...at its most beautiful in sparkling winter sunshine.
St Peter's is a fine church and there were a large number of people at weekday Mass - so many, in fact, that I thought it was some sort of a special day...but no, it was just the normal nmber for a Thursday morning. Fr William Massie is a hard-working and cheery priest and we were soon busy on a couple of projects for the FAITH Movement...this involved a lot of checking things on the internet. The splendid 19th century Rectory is a fine building of four storeys and thick walls but the latter poses some problems for internet access when you are on the higher storeys, so I sat on the comfortable thickly-carpeted staircase where all worked well.
While Fr went off on various home-Communion visits, I took letters to post and enjoyed the sands and sea. The sun was glittering so sharply on the gleaming silver of the water that it hurt the eyes - I had to walk with the light behind me, heading out around those glorious cliffs topped with the fortifications... here the sea was blue'grey, cold and swooshing, and along the Parade the seaside-in-winter feeling was in full force, the sellers of ice-cream and local seafood all closed up...but there was delicious coffee and shortbread at a friendly coffee-shop and people sitting in the sunshine. A group of workmen in blue overalls had been busy with enormous rebuilding projects further along the shore and were tucking into a large fry-ups. It was lovely. I sat tackling some letters and enjoyed the latest Scott Hahn (called, with an agreeable nod to the fitness of things Consuming the Word).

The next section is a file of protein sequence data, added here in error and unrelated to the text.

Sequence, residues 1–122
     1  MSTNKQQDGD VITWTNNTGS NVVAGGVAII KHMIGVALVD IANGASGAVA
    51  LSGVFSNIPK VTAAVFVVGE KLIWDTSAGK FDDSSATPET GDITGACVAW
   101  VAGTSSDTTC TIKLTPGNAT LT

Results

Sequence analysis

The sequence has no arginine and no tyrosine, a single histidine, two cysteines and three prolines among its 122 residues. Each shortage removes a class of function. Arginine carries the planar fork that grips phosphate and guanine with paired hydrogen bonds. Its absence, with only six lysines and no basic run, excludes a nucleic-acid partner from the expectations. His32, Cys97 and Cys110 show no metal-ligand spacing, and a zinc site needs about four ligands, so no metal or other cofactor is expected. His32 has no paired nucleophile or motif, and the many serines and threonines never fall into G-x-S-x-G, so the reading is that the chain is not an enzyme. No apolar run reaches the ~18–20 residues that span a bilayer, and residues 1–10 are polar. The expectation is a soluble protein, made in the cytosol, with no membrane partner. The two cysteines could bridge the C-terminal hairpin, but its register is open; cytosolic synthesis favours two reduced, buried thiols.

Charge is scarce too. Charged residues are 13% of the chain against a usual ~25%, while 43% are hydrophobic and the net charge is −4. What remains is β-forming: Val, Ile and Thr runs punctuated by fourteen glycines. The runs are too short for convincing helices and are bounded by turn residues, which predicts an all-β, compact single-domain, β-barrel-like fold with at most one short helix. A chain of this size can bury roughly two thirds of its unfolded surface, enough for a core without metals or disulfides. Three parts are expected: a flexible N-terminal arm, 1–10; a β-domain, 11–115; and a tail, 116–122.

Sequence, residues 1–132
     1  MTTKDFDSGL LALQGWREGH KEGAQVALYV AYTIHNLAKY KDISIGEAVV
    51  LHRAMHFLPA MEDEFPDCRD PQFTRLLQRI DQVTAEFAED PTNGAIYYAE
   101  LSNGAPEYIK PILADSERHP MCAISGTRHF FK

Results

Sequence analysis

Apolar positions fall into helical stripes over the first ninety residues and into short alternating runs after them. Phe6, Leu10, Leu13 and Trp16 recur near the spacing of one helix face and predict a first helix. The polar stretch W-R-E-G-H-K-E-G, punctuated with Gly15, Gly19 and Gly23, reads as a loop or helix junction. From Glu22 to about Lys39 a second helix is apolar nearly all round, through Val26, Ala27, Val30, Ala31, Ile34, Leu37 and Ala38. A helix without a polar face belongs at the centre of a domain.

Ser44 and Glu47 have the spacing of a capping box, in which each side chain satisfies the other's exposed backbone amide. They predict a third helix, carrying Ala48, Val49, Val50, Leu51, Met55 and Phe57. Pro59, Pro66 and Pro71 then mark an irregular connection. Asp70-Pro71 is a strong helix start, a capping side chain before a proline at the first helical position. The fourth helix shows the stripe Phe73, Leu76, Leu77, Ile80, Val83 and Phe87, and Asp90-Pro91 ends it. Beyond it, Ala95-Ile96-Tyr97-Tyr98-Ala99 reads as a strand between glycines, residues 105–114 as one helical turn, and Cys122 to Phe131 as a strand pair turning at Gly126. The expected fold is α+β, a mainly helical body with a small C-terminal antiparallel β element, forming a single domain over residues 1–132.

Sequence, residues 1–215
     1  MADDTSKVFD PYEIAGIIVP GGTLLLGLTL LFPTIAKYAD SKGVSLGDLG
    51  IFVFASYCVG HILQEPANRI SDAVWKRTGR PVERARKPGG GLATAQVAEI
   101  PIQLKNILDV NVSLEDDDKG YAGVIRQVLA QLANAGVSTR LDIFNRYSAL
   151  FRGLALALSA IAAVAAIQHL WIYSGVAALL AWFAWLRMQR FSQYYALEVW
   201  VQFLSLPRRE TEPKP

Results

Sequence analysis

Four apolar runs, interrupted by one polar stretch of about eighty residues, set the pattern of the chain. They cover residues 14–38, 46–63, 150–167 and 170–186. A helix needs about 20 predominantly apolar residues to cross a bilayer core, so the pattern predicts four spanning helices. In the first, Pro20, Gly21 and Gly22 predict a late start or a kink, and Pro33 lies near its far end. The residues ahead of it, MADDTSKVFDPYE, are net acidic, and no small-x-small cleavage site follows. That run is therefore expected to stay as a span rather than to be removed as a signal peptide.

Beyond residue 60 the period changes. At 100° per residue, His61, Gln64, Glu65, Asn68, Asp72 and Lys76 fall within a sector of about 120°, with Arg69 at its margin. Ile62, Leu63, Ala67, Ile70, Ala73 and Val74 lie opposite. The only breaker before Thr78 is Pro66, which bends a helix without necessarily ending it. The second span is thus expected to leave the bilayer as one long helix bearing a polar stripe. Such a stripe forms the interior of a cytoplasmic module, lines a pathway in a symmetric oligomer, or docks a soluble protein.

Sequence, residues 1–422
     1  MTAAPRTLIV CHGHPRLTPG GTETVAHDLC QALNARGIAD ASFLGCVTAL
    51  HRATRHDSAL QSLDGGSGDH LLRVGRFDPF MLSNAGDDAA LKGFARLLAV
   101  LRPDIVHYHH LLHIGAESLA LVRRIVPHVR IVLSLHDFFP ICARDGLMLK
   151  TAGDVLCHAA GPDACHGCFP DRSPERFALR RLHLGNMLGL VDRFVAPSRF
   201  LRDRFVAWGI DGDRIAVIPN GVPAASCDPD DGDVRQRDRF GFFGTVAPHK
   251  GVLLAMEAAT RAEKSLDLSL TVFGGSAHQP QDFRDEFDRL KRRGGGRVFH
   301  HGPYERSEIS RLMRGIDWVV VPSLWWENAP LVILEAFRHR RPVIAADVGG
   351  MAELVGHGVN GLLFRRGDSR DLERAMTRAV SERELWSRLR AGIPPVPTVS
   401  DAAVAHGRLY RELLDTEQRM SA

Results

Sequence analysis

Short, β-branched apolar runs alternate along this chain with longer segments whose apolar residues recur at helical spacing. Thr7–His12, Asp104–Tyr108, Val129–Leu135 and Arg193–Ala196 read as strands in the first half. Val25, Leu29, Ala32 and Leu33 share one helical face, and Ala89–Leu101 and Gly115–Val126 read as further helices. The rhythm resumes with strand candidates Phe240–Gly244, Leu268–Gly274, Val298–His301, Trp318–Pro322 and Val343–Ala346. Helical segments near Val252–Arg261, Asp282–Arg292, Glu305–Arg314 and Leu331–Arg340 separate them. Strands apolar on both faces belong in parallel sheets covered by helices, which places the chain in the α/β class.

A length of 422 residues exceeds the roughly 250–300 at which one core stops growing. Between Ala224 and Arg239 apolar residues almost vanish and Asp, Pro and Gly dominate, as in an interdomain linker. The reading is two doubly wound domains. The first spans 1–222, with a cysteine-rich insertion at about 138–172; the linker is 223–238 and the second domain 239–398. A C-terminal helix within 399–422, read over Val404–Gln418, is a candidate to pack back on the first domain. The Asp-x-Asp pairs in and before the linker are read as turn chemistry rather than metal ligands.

An evening train to Leeds. The White Rise eaterie at the station is one of many places where you can get good food, and it had the irreistible offer of eggs-on-toast and freshly brewed coffee between 5 and 6pm at a special price. Delicious.
Lecture on St John Paul the Great. This took place at Holy Trinity Church in the city centre, a fine building with wonderful monuments to local worthies, solid pews, and good accoustics. The shopping centre is named in honour of the Trinity too, which gives a pleasing irony to the splendid gothic Unitarian Church which stands at its entrance.